A friend of mine who is forced to acquire the habit of reading my blogposts (no doubt due to my constant nagging) commented that I need to take a less serious view of life. Another friend expressed the diametrically opposite view that I ought to stop being flippant about serious issues. Now, that set me wondering-do I lack a sense of humor, or more generally speaking, is the funny bone missing in women? My friend probably thinks that when God made Eve out of Adam’s bone, He definitely did not choose the funny bone for the job!
Mention comedy stars and that immediately brings to mind mostly male actors like Billy Crystal, Jim Carrey, Robin Williams, Eddie Murphy, whereas female actors like Whoopi Goldberg are far and few in between. This is not the case in
but even in Indian movies irrespective of the language, the situation is almost the same. Hollywood
Commuting to my college a couple of decades ago was made incredibly interesting and exciting by the incomparable evergreen literary genius P.G. Wodehouse. Many a day have I laughed out loud unmindful of my surroundings after reading the adventures of the eccentric Lord Emsworth, the scatter-brained Bertie Wooster, the ingenious Jeeves, the resourceful Psmith, an assortment of domineering aunts and bumbling uncles, and of course, the prized pig, the Empress of Blandings. There are quite a few writers who handle humor with ease like Henry Cecil and Terry Pratchett, not to mention the classic authors like Mark Twain and Jerome K. Jerome. But no female writer comes to mind immediately with equal fervor (well, after thinking for a while I could come up with Nora Ephron).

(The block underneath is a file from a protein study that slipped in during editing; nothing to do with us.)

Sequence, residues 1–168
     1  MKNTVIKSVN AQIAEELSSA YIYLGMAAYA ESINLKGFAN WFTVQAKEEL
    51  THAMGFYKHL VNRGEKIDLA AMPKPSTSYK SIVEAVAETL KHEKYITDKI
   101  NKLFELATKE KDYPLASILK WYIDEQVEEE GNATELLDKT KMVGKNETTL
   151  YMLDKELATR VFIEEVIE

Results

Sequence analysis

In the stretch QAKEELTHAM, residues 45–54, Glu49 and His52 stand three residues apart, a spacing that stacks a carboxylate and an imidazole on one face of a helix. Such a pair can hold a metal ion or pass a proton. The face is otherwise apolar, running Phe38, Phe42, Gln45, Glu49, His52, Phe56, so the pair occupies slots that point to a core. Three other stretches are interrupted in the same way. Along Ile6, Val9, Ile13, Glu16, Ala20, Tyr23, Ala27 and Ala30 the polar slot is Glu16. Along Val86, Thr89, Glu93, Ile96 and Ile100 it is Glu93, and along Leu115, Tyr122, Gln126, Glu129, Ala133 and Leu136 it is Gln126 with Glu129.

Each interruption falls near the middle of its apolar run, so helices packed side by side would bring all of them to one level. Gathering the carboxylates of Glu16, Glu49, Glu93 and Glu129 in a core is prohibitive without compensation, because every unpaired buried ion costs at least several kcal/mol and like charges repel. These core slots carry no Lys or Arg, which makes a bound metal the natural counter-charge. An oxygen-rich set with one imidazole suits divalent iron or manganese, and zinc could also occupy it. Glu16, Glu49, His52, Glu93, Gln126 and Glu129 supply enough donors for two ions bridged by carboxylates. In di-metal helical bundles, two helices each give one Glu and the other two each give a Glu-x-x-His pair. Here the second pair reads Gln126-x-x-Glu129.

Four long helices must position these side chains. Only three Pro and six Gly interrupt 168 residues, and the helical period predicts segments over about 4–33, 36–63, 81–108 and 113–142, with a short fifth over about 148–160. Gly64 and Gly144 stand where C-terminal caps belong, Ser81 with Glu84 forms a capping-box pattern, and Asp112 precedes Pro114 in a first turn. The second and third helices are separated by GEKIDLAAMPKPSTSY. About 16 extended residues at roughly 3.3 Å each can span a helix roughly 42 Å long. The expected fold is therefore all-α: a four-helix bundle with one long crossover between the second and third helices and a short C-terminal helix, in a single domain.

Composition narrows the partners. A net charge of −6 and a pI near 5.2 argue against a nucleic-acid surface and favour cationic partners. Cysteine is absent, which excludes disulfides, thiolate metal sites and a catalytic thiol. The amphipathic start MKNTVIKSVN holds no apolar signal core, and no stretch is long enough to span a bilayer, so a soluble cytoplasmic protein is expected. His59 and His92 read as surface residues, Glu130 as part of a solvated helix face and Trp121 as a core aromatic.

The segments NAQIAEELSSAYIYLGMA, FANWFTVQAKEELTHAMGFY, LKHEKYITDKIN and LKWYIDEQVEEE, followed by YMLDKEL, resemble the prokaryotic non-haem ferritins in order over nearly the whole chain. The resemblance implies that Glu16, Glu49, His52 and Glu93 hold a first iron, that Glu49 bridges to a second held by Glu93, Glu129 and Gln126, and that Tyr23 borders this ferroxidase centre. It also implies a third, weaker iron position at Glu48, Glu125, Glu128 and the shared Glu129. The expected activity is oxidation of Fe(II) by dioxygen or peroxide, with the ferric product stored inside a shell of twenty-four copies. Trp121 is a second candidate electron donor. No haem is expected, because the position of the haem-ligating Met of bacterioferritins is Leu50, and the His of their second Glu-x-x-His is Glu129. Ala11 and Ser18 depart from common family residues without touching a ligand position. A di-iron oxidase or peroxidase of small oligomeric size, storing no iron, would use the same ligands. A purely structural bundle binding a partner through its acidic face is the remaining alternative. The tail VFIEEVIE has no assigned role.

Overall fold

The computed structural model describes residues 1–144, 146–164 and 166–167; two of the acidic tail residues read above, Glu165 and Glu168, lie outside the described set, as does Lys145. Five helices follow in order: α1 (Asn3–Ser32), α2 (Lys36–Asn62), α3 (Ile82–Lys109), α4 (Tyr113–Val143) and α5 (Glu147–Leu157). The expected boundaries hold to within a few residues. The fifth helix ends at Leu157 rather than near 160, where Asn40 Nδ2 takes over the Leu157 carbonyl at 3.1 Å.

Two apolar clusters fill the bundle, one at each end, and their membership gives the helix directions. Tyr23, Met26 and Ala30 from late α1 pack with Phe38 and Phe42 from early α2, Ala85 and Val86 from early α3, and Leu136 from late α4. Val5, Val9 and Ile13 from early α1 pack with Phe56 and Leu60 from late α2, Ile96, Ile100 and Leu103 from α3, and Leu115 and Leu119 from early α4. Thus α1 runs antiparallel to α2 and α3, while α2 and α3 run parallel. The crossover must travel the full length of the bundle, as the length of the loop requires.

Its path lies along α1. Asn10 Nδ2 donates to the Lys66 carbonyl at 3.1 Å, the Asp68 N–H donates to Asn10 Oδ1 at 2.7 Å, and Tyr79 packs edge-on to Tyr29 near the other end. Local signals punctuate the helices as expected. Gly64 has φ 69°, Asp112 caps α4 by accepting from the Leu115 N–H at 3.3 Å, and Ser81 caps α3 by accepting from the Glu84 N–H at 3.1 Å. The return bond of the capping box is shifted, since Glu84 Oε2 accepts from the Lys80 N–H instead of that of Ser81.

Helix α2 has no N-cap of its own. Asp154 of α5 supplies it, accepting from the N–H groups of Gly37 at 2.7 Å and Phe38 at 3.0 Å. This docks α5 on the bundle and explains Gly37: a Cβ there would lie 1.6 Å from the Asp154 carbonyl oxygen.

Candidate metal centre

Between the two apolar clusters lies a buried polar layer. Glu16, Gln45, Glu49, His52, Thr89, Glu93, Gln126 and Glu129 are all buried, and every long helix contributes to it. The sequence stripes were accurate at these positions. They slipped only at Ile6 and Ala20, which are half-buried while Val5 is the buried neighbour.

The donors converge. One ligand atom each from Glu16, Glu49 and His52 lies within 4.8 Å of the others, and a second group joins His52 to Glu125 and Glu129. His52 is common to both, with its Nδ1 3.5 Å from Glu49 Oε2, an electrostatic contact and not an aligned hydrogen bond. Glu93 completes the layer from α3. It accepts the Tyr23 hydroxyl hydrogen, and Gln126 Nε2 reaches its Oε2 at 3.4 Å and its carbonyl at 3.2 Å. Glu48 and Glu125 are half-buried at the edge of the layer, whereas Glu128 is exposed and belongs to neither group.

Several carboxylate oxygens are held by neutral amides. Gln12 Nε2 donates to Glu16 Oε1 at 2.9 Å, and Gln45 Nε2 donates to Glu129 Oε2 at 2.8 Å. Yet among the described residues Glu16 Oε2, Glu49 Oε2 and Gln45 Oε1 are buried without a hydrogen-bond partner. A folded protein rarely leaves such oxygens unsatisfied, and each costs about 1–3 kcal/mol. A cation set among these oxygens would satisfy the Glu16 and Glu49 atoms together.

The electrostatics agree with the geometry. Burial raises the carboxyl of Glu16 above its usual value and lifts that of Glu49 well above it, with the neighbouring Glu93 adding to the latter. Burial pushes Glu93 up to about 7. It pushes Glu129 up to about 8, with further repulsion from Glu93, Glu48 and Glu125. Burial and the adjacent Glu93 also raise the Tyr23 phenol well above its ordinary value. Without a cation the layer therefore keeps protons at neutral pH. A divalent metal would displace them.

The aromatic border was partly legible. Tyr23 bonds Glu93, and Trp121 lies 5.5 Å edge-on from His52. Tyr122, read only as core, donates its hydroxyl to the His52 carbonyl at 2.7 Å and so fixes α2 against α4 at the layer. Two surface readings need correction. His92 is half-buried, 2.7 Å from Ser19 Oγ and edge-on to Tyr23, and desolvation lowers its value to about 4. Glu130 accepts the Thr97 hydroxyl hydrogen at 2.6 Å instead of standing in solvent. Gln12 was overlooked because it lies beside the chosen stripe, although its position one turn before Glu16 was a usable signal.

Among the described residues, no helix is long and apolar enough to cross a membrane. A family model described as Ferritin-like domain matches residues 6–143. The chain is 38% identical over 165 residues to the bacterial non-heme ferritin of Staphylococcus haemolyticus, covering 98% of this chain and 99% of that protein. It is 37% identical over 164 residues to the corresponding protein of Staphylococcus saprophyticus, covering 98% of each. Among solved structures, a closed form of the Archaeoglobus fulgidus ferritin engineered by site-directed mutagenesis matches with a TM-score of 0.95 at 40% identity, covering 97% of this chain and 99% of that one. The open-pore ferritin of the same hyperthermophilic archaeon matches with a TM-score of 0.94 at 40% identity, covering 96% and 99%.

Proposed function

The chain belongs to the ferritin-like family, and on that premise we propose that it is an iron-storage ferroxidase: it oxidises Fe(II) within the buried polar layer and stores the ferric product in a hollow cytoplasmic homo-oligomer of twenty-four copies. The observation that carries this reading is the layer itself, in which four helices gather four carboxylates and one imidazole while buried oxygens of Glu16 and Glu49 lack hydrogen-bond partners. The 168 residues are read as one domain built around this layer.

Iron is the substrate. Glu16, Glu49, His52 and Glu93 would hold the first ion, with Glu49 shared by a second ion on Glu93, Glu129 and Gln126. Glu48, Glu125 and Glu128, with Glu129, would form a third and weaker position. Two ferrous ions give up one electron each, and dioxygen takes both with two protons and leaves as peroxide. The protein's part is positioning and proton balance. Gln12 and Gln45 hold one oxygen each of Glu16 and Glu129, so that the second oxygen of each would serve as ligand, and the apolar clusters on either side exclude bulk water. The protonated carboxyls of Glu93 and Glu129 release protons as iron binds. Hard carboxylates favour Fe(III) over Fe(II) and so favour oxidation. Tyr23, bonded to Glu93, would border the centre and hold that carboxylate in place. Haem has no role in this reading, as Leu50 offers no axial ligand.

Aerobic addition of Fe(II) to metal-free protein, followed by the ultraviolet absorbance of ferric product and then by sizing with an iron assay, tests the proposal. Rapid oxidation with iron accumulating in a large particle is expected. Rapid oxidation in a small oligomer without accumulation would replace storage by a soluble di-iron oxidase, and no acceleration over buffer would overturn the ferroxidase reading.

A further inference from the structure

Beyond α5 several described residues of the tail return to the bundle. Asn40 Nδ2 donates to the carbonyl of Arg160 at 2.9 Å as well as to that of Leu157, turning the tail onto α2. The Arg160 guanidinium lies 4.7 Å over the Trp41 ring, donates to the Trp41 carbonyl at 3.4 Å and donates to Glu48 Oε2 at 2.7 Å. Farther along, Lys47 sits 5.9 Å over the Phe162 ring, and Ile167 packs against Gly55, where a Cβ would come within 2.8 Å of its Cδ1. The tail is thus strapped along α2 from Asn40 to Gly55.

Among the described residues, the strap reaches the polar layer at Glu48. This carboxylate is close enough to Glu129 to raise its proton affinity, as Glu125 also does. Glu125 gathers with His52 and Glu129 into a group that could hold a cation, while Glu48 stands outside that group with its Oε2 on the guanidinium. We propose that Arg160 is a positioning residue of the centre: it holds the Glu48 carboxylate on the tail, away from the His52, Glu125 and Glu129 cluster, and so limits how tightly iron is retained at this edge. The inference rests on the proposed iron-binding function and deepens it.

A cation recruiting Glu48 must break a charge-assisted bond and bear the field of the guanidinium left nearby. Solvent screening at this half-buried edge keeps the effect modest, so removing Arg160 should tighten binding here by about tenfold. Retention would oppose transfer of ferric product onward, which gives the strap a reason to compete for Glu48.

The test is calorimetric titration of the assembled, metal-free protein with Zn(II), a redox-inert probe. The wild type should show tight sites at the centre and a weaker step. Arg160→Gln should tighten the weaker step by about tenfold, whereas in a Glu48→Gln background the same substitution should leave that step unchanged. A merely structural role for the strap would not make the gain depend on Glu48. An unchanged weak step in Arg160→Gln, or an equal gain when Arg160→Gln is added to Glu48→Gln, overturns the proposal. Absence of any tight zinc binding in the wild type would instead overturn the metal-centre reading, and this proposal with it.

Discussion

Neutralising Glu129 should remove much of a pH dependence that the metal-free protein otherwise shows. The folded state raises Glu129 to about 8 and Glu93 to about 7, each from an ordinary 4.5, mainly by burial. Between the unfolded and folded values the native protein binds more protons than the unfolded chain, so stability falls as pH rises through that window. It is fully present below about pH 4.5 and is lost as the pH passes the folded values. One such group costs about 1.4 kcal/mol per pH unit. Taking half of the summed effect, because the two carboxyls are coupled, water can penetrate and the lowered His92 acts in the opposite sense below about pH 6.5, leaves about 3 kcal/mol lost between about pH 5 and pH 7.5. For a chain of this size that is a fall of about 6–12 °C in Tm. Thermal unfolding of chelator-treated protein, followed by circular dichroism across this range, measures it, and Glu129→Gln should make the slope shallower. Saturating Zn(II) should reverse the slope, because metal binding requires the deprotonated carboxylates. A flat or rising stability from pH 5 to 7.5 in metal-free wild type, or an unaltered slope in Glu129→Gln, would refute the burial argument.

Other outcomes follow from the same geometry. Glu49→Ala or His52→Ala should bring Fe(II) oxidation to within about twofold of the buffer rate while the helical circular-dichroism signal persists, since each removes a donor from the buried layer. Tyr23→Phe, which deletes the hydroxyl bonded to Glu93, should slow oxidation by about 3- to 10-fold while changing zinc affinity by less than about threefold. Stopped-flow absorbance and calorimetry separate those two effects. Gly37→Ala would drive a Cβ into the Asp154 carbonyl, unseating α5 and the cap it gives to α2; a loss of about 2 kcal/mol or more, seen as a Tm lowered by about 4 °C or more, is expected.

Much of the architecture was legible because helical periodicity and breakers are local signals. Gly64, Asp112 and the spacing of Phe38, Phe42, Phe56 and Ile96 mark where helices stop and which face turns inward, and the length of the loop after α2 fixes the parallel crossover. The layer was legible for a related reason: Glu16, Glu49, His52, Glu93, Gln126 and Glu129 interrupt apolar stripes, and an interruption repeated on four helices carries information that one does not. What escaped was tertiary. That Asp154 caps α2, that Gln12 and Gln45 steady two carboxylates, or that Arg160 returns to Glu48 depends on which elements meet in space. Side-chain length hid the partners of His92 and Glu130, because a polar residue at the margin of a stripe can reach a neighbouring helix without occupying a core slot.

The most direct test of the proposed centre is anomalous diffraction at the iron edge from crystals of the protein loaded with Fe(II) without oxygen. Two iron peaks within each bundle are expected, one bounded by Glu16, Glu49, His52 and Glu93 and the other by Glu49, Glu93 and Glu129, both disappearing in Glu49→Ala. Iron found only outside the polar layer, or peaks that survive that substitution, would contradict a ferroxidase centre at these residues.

Not only in the kaleidoscopic world of the rich and famous celebrities, even in real life rarely have I come across women who can see the humor in everyday life. Why do women take themselves and the world seriously-or atleast more seriously as compared to men? Is their genetic make-up to blame? Or are they so burdened with their worries that they forget to appreciate the humor in their life? Viewing this from an Indian point of view I would like to think that it is more about the way women are brought up. They are expected to behave in a certain way in society and the transgressions/deviations from the set path are not viewed charitably. It would indeed be a rare sight to see a woman guffawing in a public place.
A woman may view the world humorously but still not be confident enough to express it in public. It is only when she is comfortable with and confident of herself that all aspects of her personality blossom fully. That may be the reason that, more often than not, it is the middle-aged women who come across as humorous. May be I, along with my sisters need to let our hair down more often, treat the burdens we carry on our shoulders a little lightly, learn to ignore the swords of life’s uncertainties over our heads and unlearn our conditioning by this society. Well, this is my serious take on humor!